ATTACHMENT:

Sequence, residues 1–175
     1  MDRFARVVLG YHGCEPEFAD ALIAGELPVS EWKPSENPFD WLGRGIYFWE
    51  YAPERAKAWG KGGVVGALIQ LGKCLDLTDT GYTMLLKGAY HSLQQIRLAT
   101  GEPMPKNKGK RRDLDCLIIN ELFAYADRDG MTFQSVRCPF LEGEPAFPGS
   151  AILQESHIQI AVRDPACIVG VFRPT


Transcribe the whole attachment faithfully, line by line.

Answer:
Sequence, residues 1–175
     1  MDRFARVVLG YHGCEPEFAD ALIAGELPVS EWKPSENPFD WLGRGIYFWE
    51  YAPERAKAWG KGGVVGALIQ LGKCLDLTDT GYTMLLKGAY HSLQQIRLAT
   101  GEPMPKNKGK RRDLDCLIIN ELFAYADRDG MTFQSVRCPF LEGEPAFPGS
   151  AILQESHIQI AVRDPACIVG VFRPT